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Teacher's Guide

Module based (24 books)

Comprehensive lesson guide(8 lessons per topic)

TPR Games

Blackline Masters

Master Assessment Result Sheets

Incentive coupon master
Supplementary Resources

Support materials including flashcards, picture cards, word cards, miscellaneous cards

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A successful EFL program must use a diverse range of teaching methods to successfully accommodate the four macro skills of speaking, listening, reading and writing. One such teaching approach is the Total Physical Response method. In particular, TPR complements the communicative language teaching approach and satisfies the need to learn functional language for use in everyday settings.

It is one methodology which can enhance the teaching of listening and speaking skills, areas that can present difficulty for the EFL learner. By not insisting on immediate speech production, and by giving the student the chance to self-correct through group performance, TPR reduces anxiety and enhances both the learning and retention of information.

The TPR program is a supplement to the overall Choral English College English program. It utilizes the vocabulary and structures from the main English program, wherever possible. This close relationship between the two programs is intentional and serves the greater goal of comprehensive and meaningful instruction in the learning of English.

The lessons in the TPR Teacher's Guide are designed for easy use by the teacher. The targeted language and key commands are detailed for each lesson, as is the actual teaching sequence. The simple table layout with all teaching components clearly written allows the teacher to quickly see what has to be taught together with the materials required.

Each TPR lesson is 25 minutes in duration. These lessons are taught twice weekly. They follow a similar format from week to week. TPR is taught across Modules 1 - 8 only.

The Teacher's Guide contains student activity sheets, which are to be copied for each topic. As well, the Teacher's Guide provides black line masters of incentive coupons (see Teacher's Manual for an explanation of the Incentive System).

The TPR program takes a systematic approach to assessment, giving the student time, throughout the modules, to consolidate both new commands and those taught in other modules. During the final weeks of a topic, individual assessment of student performance is undertaken. An Assessment Result Sheet for each student is compiled and sent home for parental signature. These result sheets are to be photocopied for each student. They are situated in the back of the Total Physical Response Teacher's Guide.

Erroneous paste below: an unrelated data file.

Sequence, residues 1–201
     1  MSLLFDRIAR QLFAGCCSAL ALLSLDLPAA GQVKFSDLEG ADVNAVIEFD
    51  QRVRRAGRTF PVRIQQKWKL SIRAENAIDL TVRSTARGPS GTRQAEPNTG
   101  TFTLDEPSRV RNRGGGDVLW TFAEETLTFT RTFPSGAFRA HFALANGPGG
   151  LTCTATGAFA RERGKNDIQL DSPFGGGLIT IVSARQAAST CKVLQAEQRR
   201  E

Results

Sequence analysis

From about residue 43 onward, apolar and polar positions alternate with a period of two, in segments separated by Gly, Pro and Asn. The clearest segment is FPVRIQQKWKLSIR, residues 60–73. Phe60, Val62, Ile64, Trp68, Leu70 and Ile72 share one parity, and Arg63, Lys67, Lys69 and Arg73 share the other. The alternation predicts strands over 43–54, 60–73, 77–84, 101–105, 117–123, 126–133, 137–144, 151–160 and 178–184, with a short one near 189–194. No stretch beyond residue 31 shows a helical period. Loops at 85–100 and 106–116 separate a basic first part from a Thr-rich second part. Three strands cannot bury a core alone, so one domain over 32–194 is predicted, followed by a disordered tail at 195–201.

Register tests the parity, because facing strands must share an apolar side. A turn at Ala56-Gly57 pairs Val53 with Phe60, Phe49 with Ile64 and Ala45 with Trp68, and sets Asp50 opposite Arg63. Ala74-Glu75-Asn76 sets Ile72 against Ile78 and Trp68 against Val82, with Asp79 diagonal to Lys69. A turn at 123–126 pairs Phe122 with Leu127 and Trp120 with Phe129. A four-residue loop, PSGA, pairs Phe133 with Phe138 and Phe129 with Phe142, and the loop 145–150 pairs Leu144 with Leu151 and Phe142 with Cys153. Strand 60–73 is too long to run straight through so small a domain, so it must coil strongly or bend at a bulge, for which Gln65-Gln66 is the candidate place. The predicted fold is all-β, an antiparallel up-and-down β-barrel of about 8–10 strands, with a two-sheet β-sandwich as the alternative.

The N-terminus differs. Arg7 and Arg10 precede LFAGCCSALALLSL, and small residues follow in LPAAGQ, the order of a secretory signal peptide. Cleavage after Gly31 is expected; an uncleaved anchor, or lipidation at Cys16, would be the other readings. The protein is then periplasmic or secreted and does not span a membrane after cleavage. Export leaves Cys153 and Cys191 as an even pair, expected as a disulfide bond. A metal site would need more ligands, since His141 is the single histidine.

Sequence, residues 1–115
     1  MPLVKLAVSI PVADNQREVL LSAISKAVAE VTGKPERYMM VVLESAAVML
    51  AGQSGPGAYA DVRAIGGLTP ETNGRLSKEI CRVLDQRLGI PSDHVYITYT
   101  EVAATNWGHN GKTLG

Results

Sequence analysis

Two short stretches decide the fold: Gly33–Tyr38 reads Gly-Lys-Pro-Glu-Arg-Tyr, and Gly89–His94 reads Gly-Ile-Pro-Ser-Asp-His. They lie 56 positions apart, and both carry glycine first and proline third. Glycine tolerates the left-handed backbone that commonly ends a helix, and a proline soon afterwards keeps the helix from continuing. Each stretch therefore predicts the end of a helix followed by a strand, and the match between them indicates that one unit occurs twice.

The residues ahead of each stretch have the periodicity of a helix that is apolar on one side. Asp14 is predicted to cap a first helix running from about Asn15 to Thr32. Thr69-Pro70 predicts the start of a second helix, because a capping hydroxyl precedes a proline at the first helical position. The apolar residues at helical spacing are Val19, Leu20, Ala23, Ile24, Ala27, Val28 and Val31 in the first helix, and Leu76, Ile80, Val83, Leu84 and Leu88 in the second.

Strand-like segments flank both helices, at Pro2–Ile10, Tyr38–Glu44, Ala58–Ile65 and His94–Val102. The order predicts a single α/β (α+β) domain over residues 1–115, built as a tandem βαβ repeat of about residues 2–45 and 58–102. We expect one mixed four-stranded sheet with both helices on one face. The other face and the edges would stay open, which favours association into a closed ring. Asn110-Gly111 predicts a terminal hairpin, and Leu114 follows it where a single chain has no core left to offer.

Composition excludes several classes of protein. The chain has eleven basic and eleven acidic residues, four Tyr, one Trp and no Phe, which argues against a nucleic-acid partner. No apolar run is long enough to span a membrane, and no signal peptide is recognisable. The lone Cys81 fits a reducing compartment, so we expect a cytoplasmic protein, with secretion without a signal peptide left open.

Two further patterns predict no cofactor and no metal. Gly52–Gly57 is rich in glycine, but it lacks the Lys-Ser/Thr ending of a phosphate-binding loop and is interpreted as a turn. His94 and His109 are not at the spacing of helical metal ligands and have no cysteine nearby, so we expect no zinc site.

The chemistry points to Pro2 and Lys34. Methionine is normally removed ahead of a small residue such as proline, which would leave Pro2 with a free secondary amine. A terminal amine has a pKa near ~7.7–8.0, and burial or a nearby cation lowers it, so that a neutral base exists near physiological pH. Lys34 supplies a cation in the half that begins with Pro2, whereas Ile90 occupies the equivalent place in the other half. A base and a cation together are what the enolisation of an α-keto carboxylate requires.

The TPR program incorporates several games into each topic. These games are located in the back of the Total Physical Response Teacher's Guide. The games are a novel, yet concrete way, to teach new commands and consolidate those previously used.

1 Be well prepared with the necessary materials for each lesson.
2 Read through the lesson details well ahead of the session.
3 Always use a reward system to motivate students and encourage students to speak and act out commands.
4 Ensure that all students are able to see and hear the actions being performed.
5 Know the steps for implementing the TPR lessons and prepare alternative strategies if required.
6 Be very particular to model commands without unnecessary gestures. For example, you may be giving the command, 'Stand up' and at the same time you may inadvertently raise your hand, too. This will give students a false 'reading' of the command and action, for 'Stand up'.
7 Students will take a little time to feel confident enough to use the commands regularly.
8 Do not seek out fully accurate command performance initially (physically or orally) but look for understanding and reasonable communication.

The method below provides the conventional structure required for teaching TPR but it is flexible enough to cater to the varying levels of participation by students. The teacher should feel free to modify the steps according to the needs and language development of the students.

1 Say the commands and demonstrate the actions.
2 Ask two students to perform the commands with you.
3 The class listens to the commands and performs with you.
4 The class listens to the commands again and acts them out by themselves.
5 Check individual performance by asking a volunteer to act out a command.
6 Ask students to form pairs and one student in each pair should give a command while the other student performs the action. For added fun, ask the students to say commands for the teacher to perform.
7 Combine the sentences into novel sentences or a story.

The story telling approach in TPR is a novel yet productive way in which the key commands and vocabulary can be contextualized. Storytelling allows a break from simple commands and provides students with the opportunity to 'play' with the language and, as they become more skilled, to rewrite stories. The positive effects of story telling are even greater if the teacher allows students the opportunity to create stories themselves.